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Go all-in with heat pumps?

woobagooba
woobagooba Member Posts: 132
What started as the desire to add AC to a 1910 Zone 5 MA build with gas fired hydronics + local rebates has resulted in Mitsubishi Hyper Heat pumps / air handlers installed on both floors. Now we are questioning the need and cost to restore the hydronics (boiler, indirect HW tank, and piping are end of life). Being a hydronics user my entire life, I have no intuition re: comfort levels with the ducted Mistubishi install, particularly on cold January nights.

Appreciate some feedback.

Should we install hydro coils instead of restoring the existing cast baseboards, radiators, and piping?

I am also partial to boiler w/ HW indirect tank versus on-demand HW.

What does hydro coil inclusion mean to the controls/thermostat kit? Dual fuel etc.

Just FYI the house air barrier and insulation have been considerably improved.

Thanks

Comments

  • icy78
    icy78 Member Posts: 397
    The new heat pumps have remarkable capacity at even +5  and heat at -14 still. Full rated capacity I think.
    They've been used in Europe for years and are just starting to be a big thing on this side.
         Breakdowns are almost nil. So they say.
    A real key is  building upgrades and envelope tightning.
     The Mitsubishi hyperheat does really well in low temps. Sizing is important as the unit is sized for heat load, but one has to be sure that cooling turndown is acceptable if using multiple heads on one condenser.
     Also no fossil fuels in , or to, the home, if stove and dryer and water heater (could also be heatpump) are used.
     As always, installation is key.
    I learned something interesting about minisplits today. That is that you get full capacity going 1 to 1, indoor to outdoor. But, you lose a bit, say 10% if you go 2-3 heads on one outdoor unit. I think it was due to the lineset losses, and probably slightly  to loss at each head.
    Electric strip heat has been added to ducted minisplits.
     I think you can get 130°f degrees out of many minisplit heatpumps now.
       I think the hyperheat injects refrigerant into the compressor to allow the compressor speed to climb and produce higher discharge temps.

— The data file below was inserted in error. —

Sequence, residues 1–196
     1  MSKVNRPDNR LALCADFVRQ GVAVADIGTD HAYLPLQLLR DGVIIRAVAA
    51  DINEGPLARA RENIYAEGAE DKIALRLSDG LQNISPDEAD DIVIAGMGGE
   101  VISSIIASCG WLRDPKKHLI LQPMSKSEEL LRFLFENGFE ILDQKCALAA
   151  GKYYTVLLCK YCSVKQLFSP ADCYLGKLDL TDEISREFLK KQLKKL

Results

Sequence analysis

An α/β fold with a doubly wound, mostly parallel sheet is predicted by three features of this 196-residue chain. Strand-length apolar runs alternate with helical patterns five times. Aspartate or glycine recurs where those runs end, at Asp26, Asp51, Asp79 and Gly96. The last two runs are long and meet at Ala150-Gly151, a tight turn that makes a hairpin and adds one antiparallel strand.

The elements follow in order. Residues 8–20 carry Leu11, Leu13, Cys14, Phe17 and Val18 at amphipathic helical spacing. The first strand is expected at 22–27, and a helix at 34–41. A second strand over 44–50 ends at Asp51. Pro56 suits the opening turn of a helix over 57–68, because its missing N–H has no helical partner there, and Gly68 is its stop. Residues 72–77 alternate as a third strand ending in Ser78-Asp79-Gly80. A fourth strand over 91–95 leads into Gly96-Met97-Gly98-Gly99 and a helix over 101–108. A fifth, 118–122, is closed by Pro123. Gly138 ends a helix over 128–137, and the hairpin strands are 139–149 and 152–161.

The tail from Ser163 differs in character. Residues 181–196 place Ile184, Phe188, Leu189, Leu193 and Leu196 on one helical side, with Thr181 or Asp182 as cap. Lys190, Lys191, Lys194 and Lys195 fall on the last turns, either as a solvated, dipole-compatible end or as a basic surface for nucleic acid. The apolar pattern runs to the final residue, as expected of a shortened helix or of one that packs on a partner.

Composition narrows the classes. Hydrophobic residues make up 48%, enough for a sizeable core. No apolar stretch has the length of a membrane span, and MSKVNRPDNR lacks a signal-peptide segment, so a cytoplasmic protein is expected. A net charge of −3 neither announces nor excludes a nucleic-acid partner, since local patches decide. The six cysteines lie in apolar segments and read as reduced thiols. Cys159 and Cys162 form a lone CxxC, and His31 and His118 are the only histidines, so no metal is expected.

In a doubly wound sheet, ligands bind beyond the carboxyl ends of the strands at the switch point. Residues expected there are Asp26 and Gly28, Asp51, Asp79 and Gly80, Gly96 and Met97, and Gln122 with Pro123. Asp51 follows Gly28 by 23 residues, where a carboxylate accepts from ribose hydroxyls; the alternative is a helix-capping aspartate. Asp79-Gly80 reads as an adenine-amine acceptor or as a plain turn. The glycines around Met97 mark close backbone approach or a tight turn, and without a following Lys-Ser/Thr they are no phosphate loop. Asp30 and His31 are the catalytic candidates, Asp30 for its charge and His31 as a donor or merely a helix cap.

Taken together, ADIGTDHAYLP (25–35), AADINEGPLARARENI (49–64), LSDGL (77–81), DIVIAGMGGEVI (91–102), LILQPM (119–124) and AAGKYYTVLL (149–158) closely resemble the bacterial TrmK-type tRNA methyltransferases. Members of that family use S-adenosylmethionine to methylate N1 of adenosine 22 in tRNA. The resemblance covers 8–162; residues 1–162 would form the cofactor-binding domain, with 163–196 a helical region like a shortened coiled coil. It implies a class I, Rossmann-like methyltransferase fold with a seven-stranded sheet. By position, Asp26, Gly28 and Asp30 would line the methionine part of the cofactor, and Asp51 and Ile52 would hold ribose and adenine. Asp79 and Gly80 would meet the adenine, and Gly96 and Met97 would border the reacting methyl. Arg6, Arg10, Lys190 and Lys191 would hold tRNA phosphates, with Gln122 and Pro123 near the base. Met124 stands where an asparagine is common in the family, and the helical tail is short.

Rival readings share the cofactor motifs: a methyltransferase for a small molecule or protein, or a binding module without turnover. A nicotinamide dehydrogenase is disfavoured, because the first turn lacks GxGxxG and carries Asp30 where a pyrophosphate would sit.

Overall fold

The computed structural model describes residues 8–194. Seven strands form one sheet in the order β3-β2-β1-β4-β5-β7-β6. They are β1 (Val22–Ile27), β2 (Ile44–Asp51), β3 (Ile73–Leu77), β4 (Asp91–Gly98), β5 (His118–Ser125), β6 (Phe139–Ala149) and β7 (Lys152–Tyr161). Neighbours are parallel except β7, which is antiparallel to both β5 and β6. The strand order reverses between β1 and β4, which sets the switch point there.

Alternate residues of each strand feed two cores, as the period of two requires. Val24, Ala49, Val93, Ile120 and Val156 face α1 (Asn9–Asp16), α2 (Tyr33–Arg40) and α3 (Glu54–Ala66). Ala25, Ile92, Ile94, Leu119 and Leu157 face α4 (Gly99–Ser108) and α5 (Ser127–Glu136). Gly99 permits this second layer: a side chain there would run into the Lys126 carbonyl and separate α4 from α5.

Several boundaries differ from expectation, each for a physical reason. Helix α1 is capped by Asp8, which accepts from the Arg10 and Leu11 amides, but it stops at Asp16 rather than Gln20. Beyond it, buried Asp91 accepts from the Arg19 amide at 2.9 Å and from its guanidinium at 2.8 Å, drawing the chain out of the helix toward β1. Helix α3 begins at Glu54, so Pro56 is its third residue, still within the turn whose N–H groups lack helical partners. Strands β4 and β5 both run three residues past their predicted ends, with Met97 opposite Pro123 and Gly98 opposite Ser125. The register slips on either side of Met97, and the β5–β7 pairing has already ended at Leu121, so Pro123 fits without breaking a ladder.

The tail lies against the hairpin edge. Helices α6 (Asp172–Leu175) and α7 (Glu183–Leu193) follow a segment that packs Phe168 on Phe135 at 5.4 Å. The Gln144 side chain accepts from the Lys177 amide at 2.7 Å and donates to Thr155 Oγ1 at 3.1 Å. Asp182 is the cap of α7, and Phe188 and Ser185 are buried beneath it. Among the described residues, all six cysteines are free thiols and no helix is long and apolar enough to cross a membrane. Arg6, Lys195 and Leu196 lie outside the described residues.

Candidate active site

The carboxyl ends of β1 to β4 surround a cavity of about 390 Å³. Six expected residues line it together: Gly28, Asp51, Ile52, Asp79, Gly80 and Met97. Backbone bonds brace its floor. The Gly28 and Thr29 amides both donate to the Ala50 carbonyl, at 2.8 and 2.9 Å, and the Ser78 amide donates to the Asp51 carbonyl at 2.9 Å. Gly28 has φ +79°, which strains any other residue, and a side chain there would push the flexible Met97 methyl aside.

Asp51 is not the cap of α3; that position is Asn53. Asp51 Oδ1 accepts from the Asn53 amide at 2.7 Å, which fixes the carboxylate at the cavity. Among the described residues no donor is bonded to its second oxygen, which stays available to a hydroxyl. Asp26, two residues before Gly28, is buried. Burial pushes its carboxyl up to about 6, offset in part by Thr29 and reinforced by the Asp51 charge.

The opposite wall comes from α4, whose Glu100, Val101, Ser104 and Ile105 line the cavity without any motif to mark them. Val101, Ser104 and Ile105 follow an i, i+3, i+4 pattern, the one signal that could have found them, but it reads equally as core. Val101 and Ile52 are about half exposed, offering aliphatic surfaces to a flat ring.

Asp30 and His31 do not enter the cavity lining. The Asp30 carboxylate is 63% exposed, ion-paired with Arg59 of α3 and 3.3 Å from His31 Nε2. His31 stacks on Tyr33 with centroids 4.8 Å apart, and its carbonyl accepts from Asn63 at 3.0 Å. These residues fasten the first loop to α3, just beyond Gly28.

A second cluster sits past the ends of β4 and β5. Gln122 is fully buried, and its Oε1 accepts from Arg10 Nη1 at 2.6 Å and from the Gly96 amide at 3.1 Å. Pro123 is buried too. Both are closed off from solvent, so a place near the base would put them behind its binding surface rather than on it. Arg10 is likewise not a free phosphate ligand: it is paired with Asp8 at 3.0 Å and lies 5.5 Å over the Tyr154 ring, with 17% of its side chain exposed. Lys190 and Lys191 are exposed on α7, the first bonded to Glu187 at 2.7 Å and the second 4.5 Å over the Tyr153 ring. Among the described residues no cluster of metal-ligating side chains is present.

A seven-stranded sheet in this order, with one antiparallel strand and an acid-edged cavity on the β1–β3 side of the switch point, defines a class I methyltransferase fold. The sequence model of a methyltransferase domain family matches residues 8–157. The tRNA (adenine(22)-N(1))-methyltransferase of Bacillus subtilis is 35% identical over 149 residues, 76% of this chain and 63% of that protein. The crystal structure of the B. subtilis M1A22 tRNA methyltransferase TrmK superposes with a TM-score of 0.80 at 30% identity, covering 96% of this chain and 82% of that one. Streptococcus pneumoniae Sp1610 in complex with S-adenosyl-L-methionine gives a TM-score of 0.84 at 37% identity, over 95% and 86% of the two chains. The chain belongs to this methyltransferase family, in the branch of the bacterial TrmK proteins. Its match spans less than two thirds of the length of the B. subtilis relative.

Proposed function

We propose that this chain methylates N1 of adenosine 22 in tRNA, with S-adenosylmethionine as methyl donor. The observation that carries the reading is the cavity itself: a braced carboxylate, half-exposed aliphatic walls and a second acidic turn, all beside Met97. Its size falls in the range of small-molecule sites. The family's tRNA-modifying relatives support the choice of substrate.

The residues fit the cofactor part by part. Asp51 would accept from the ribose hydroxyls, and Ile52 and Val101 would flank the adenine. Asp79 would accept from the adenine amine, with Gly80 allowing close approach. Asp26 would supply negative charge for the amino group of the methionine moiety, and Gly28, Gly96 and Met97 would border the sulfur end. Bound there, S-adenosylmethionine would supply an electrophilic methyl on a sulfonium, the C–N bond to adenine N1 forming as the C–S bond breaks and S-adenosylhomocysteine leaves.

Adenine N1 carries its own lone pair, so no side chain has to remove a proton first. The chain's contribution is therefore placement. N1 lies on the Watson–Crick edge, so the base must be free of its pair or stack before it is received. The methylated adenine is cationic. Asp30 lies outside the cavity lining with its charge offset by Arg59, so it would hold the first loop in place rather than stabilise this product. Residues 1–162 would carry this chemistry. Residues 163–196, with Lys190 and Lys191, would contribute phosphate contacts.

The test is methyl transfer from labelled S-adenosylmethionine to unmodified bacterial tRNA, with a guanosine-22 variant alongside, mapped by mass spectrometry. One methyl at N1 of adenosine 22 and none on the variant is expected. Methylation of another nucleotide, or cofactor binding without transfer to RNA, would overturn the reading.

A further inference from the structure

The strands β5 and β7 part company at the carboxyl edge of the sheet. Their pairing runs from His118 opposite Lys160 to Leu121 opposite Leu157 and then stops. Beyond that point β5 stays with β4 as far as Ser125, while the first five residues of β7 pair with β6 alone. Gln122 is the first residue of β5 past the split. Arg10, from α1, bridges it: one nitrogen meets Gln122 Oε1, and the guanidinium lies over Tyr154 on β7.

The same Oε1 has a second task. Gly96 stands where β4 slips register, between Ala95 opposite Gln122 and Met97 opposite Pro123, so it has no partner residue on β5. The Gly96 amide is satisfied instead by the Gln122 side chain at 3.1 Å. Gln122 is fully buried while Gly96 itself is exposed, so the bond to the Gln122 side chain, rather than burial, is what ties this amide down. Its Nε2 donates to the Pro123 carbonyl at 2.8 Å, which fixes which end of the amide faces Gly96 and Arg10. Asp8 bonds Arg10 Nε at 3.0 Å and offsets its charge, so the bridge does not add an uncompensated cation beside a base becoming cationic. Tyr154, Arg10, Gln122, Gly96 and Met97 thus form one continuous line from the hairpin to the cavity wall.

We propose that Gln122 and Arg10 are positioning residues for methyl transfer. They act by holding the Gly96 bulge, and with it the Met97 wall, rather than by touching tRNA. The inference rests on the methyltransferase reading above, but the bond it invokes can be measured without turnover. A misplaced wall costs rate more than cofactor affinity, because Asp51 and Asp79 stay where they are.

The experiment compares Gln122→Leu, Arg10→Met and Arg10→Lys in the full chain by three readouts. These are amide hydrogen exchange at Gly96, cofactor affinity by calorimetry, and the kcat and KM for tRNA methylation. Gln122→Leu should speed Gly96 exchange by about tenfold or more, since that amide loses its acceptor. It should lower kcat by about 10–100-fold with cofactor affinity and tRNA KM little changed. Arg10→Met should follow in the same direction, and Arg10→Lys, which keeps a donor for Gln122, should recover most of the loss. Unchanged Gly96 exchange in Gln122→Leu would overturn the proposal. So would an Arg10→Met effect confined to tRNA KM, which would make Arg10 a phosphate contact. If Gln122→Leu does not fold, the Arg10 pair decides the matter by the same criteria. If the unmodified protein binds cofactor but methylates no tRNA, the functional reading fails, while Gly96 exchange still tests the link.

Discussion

Oh, crud, I didnt answer your question, but thought you might like to know that about your hyperheats. 🙂
  • Steamhead
    Steamhead Member Posts: 14,841
    Keep your hydronics. You'll have much greater winter comfort than minisplits can offer.
    All Steamed Up, Inc.
    Steam, Vapor & Hot-Water Heating Specialists
    Oil & Gas Burner Service
    Consulting
    SuperTech
  • woobagooba
    woobagooba Member Posts: 132
    Steamhead said:

    Keep your hydronics. You'll have much greater winter comfort than minisplits can offer.

    How so?

    Do note this is a ducted system and not mini split heads.
  • EBEBRATT-Ed
    EBEBRATT-Ed Member Posts: 10,303
    IMHO nothing will provide better comfort than hot water or steam in a cold climate.

    The other consideration to me (well used to be when I did service) is who wants to go outside in the snow and ice to change a unit or a compressor when it's 0 deg outside?
    SuperTech
  • SuperTech
    SuperTech Member Posts: 1,689
    I would never, ever consider getting rid of hydronic heat and just running mini splits. Hydronic heat is more comfortable and much more service friendly.  I have just about everything needed to repair a boiler on my van. If you need something for your Mitsubishi....we'll order it and see you when the part gets in. They do breakdown,  they are a pain in the butt to service and repair.  Besides,  you need hot water for showers, laundry, etc. Why not keep the boiler that you can always count on to keep you warm? Especially if you have cast iron emitters, they are the best.  Use the Mitsu for A/C and heating during the milder months keep the boiler for hot water and extreme cold. You will not regret it. If you ditch the boiler, I can be pretty sure you will regret it.  It never hurts to have two ways to heat a house.
  • Robert_25
    Robert_25 Member Posts: 365
    You will want another form of heat to supplement the heat pumps when it is below zero.  That can be your existing system, or something different.  Electric baseboard may be something to consider.
  • woobagooba
    woobagooba Member Posts: 132
    I will likely ask for a design plan for both later addition of hydro coils and restoration of radiant baseboard, then pipe second floor for both before the walls are closed up (first floor is fully accessible from basement). Try the heat pumps for a season, then make the call re: install hydro coils or radiant baseboard on both floors. I wonder how much the boiler sizing will vary between hydro coils versus baseboard?
  • Steamhead
    Steamhead Member Posts: 14,841

    Steamhead said:

    Keep your hydronics. You'll have much greater winter comfort than minisplits can offer.

    How so?

    Do note this is a ducted system and not mini split heads.
    Makes no difference. Stay with hydronics.
    All Steamed Up, Inc.
    Steam, Vapor & Hot-Water Heating Specialists
    Oil & Gas Burner Service
    Consulting
  • Jamie Hall
    Jamie Hall Member Posts: 17,088
    On the boiler sizing -- it won't make a difference. Either one needs to be sized according the heat loss of the building, in the usual way. Do NOT count on the heat pumps for anything useful in doing the sizing, and whatever -- do NOT use the electric resistance heat in them. You'll break the bank on that.
    Br. Jamie, osb
    Building superintendent/caretaker, 7200 sq. ft. historic house museum with dependencies in New England